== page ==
Killing relief with kindness
Amongst the snowstorm of information clogging the humanitarian wires (Alertnet, Reliefweb, etc) one little nugget, buried at the back of a WHO report caught my eye.
‘The airport is intermittently open and closed. In addition, supplies arriving into the country are piling on the tarmac…’
The small Port-au-Prince airport is now being clogged with aid supplies. Credit: Rebecca Sudduth
It is the beginning of the perennial, mega-disaster problem. The airport is already clogged with supplies that are unsolicited and unprioritised and adding to it will make it even more difficult for the truly life-saving stuff – the medical kit, the water and sanitation material, the food – to get through.
In Aceh, a few weeks after the Tsunami, the runway was lined with 5m high piles of clothing sent as aid packages by people trying to help. Most of it had begun to rot; there had been an attempt to burn it, and some of it was still smouldering.
I can understand this want to give - whatever you can - at this time of need. It’s this want to help that drives us a humanitarian workers. It’s what keeps my colleagues in the Operations Room working through the night. And it’s a visible sign of the public support that we desperately need to do our work.
But, alas, it’s just not practical to give “stuff” - or to take relief efforts into your own hands. In the case of Aceh, clothing was never a humanitarian priority, and in any case, cultural norms meant that most people would not wear second hand clothing. The other irony was that most of the clothes had been manufactured in South East Asia in the first place, exported to Europe and had now found its way back – by eye-wateringly expensive flight – to Indonesia.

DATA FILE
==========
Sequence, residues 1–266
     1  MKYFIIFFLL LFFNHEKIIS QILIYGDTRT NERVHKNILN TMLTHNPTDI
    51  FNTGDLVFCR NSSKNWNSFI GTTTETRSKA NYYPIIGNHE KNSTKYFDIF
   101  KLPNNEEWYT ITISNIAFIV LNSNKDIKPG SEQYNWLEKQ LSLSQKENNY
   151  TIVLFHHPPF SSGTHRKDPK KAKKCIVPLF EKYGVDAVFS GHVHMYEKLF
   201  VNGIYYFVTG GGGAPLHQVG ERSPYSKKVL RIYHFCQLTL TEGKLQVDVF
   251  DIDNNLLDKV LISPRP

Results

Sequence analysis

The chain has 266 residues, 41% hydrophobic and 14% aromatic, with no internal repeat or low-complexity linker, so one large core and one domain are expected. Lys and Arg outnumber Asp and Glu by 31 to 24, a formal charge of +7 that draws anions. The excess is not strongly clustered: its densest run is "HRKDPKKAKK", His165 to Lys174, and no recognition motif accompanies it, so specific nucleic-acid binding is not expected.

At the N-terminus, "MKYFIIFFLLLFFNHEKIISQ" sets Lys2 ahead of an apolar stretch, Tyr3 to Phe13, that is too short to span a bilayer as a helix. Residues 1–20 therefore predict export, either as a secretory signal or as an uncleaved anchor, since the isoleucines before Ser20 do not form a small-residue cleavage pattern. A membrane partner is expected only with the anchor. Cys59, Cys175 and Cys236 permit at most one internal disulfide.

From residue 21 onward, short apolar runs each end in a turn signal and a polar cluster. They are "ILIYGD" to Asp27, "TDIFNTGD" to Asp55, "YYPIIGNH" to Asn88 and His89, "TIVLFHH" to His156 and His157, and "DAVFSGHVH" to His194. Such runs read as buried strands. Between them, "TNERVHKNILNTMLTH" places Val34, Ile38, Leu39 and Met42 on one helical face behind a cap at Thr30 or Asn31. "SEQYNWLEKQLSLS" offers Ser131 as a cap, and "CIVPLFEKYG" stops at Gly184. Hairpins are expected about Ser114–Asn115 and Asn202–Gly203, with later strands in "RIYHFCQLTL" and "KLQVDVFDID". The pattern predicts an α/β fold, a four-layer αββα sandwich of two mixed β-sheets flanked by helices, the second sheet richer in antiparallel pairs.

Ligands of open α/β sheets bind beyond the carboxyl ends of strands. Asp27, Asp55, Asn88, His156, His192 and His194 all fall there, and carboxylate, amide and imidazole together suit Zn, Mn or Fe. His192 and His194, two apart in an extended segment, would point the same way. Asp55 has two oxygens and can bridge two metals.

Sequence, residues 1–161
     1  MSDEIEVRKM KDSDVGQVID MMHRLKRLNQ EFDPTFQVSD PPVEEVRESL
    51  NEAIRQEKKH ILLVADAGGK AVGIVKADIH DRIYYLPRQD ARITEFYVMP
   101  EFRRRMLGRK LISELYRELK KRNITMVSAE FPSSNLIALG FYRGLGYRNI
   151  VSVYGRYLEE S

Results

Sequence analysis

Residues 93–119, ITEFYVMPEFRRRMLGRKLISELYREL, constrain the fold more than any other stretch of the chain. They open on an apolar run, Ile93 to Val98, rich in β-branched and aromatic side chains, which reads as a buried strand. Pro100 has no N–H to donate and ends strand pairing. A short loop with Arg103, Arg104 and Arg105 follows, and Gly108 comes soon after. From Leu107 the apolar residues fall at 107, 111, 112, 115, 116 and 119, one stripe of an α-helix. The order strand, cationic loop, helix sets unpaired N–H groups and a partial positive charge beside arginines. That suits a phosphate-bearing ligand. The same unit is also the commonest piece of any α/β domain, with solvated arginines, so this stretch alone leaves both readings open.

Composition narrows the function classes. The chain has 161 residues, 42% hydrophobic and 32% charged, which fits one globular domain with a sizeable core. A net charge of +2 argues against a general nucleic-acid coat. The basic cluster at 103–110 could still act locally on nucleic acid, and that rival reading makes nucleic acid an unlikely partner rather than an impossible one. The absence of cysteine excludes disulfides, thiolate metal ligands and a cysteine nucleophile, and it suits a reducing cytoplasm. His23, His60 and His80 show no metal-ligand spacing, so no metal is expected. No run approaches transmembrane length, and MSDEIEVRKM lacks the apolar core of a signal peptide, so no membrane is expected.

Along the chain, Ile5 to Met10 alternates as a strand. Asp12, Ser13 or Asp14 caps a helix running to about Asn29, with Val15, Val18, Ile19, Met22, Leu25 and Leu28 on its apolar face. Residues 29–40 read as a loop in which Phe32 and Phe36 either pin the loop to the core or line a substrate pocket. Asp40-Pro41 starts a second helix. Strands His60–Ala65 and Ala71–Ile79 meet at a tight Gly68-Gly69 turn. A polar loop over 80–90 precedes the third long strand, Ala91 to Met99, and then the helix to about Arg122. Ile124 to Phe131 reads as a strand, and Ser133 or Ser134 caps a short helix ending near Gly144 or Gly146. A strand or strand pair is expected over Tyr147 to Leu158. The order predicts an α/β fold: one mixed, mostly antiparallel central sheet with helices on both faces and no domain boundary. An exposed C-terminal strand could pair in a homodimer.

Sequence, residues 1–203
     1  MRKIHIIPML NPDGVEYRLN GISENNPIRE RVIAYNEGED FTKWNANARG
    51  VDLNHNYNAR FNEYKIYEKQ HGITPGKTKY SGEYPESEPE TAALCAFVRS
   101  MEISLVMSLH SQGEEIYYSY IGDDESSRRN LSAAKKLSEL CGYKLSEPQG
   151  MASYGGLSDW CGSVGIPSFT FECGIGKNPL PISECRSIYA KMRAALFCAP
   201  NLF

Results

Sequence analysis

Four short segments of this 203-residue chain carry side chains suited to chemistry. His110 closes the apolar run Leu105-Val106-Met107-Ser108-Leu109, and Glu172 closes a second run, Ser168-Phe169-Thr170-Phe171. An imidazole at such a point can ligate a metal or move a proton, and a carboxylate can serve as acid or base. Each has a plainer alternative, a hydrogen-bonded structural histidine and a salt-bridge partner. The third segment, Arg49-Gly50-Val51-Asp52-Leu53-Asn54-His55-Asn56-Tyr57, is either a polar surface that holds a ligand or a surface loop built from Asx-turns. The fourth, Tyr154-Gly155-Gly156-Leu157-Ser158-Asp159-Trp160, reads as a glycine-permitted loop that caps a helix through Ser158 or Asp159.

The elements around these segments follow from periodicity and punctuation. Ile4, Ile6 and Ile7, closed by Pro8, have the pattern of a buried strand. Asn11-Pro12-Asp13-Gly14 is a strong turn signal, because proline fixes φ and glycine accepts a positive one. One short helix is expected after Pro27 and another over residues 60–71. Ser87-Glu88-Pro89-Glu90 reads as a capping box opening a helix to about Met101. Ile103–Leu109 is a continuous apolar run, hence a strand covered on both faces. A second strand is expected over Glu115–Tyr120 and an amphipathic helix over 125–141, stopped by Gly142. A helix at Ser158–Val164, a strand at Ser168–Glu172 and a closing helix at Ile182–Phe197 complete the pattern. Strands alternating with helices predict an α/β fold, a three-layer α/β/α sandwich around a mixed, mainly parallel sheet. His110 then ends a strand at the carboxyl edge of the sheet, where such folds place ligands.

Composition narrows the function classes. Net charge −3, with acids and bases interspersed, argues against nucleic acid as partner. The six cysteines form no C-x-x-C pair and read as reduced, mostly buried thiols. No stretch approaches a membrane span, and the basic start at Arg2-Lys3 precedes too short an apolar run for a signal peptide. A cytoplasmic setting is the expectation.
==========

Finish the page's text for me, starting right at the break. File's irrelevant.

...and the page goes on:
I remember back in the Operations Room, the lines were often busy with people wanting to help, to do anything, to do something. Several offers from the public stick in my mind. There was the British national who rang up from Thailand; she did not have much to offer, she said, but at home she worked in a travel agent, and so offered to assist with the incoming relief flights. And there was a gentleman from Australia who rang to ask us where he could send a super-tanker he planned to fill with fresh drinking water.
The one that is clearest in my mind, however, is the call we received from a lady who spent the day after the tsunami baking cakes for the survivors, and was asking if we could help deliver them.
Colleagues in the DFID Operations Room responding to calls
Similar well-meaning offers are appearing once again for Haiti. Today I heard of a lady that had rung in with the offer of using her personal yacht.
In an era when disasters are piped almost instantaneously into our sitting-rooms, and play out over YouTube, unsolicited donations are a natural and understandable expression of worldwide anguish at the plight of the Haitians. It is the same motivation that jolted Imran to reply to my last blog; a heartfelt, humanitarian response. How can I help?
There are a number of ways. I see that the American Red Cross has been savvy: Twittering you to donate $10 by mobile phone. (And I see the DEC Appeal in the UK has followed suit). I like that; and so do the American public, apparently: $35m has been raised since Thursday night. If you are a business, or have an in-kind donation, I see the UN has set up a portal which seems to act more or less like a dating agency, matching your donation against an identified need. Or if you are a person who just feels moved to scratch the humanitarian itch, find out how you can help on our website or donate now to the Disaster Emergency Committee appeal.
The take-home message is this: monetise the home-made cakes, sell the super-tanker, and rent out the yacht. Give the money instead, to an NGO near you.
Donate to the emergency appeal for Haiti | How you can help | Latest updates from DFID